China has been trying to tighten its control on the web for the past few years. In one such latest attempt, the country has demanded online services providers to verify users' true identity before they can post content online. The Cyberspace Administration of China has issued this order mandating all online services in the country to verify identities before letting users post comment on their sites. The decision takes effect starting October 1.
Not the first time China has demanded sites to check true identities
The country has previously required sites to "check the real identity" of their users before they register on the site. However, the latest decision affects any and all kind of written content, including comments on news sites, status messages on social networks, posts on forums, live broadcasts, etc.
All social networking, publishing and other sites will be required to connect an online profile with a real identity before allowing a user to post content. The National Internet Information Office has also demanded these sites to strengthen their oversight on the published content, quickly remove any illegal content, and inform authorities about this incident and the person responsible for the post.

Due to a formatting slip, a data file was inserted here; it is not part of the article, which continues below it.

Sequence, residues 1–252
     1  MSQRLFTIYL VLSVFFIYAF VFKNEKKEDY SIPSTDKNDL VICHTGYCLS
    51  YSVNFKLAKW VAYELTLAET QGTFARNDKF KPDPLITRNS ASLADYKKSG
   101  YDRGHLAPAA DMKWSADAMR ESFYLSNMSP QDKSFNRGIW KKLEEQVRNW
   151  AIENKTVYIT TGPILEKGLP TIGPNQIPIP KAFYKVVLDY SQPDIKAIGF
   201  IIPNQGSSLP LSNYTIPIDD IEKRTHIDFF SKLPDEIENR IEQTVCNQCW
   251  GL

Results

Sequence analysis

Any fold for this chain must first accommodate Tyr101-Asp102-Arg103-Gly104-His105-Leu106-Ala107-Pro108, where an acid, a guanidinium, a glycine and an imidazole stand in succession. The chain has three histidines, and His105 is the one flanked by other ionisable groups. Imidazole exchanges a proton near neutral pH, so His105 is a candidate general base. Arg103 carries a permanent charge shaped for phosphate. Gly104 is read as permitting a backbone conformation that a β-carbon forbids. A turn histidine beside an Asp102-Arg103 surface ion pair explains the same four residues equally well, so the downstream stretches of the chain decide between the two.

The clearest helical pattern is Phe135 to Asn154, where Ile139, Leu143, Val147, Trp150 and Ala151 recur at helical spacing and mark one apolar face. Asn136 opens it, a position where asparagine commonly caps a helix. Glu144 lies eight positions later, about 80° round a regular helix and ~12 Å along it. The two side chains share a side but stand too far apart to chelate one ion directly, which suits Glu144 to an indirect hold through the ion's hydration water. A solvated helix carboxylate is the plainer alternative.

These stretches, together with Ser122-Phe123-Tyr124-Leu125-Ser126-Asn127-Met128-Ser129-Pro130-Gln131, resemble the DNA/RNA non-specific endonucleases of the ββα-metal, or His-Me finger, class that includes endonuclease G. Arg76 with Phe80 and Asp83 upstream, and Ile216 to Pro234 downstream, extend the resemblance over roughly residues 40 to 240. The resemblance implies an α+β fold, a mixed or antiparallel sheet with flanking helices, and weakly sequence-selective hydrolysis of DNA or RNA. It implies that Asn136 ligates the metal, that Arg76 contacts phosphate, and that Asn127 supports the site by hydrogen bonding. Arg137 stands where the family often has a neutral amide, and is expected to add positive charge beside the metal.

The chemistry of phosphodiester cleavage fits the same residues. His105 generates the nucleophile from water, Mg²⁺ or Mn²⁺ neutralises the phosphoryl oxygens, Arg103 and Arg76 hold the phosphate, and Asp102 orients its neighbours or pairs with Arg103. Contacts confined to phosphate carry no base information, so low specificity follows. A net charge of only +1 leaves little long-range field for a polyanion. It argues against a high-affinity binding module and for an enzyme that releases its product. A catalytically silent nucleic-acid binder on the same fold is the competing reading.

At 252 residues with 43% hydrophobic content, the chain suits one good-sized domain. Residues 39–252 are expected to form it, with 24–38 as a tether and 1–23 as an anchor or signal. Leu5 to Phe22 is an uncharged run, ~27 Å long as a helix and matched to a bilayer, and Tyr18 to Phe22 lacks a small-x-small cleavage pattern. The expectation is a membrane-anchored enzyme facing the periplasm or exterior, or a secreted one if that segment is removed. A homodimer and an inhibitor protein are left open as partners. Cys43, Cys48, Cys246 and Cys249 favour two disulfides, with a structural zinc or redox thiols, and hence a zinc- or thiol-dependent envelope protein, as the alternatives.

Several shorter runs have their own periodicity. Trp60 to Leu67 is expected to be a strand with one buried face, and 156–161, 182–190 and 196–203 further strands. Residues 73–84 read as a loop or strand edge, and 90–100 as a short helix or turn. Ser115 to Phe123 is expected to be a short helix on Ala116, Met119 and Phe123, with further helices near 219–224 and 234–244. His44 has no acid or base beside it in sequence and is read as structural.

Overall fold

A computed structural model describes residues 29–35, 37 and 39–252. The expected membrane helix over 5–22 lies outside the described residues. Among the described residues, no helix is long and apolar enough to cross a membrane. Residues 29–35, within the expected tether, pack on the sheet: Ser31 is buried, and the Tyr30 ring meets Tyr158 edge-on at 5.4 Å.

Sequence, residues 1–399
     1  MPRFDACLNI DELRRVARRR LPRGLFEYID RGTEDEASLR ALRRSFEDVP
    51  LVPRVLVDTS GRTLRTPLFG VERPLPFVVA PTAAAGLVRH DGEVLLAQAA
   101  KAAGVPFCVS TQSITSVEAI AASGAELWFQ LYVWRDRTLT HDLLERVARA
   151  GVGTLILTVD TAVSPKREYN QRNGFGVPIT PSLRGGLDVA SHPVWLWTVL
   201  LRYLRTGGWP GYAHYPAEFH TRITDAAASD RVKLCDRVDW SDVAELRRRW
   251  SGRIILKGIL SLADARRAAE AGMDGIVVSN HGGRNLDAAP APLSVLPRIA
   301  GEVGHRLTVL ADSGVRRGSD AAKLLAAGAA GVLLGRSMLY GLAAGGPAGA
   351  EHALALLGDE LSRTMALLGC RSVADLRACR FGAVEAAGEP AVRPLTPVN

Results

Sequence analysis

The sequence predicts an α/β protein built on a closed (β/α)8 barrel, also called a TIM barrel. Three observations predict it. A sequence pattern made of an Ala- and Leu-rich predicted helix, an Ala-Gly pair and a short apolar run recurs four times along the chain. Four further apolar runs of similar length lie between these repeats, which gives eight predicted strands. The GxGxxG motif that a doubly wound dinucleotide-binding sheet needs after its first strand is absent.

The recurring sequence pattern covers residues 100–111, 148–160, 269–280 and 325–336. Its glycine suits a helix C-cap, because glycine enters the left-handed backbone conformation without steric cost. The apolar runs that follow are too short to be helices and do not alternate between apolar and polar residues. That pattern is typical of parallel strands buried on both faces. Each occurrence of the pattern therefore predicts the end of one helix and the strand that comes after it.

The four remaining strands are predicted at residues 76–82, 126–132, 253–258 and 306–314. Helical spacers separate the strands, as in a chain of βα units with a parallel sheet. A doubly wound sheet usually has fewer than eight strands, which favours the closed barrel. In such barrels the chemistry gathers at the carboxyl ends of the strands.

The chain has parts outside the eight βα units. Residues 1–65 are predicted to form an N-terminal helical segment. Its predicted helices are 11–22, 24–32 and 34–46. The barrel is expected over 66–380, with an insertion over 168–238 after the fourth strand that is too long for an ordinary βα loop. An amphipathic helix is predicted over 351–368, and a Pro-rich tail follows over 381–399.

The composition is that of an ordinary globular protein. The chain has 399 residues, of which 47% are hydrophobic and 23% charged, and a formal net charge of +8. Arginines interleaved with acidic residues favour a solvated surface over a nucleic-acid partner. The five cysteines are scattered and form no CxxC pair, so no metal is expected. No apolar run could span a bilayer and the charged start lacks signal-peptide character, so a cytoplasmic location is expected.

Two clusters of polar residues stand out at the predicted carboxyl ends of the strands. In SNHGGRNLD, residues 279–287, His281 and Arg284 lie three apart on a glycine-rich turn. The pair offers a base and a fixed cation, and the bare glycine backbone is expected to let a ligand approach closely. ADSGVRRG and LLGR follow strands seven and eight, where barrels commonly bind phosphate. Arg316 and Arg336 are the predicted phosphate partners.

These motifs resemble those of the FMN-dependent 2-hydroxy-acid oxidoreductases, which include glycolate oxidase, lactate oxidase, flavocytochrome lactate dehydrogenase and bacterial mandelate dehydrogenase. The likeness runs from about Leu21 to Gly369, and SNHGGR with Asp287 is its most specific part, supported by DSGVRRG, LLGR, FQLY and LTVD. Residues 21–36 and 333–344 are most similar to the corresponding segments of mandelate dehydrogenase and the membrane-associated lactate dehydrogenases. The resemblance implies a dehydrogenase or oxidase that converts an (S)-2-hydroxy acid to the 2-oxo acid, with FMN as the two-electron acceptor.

The government of China justifies such a draconian measure as a step taken to prevent "pornographic, false advertising, bloody violence, insults, slander, the disclosure of personal details, and other illegal information."
Five years ago in 2013, the country first imposed prison sentences on users whose content was considered defamatory. The new cybersecurity law in China that went into effect in June this year takes these sentences even further helping the government have a stricter control over what is shared online.
With this latest decision, it will become nearly impossible for people in China to post anonymously or protest against something without putting their lives at risk. Critics believe that the publishing and social media sites will be willing to comply with the government as the Chinese government passed a law last November granting authorities powers to shut down any site that didn't meet its regulations.
It is expected that the sites will soon start requiring users to verify their identities using either the government issued IDs or their phone numbers that are also connected to the actual IDs.
China has been strengthening its control over the internet ahead of the autumn congress as the President Jinping is expected to be re-elected. Earlier this summer, the country also put a ban on VPN services - a decision that Apple complied with and is currently facing questions from the United Nations.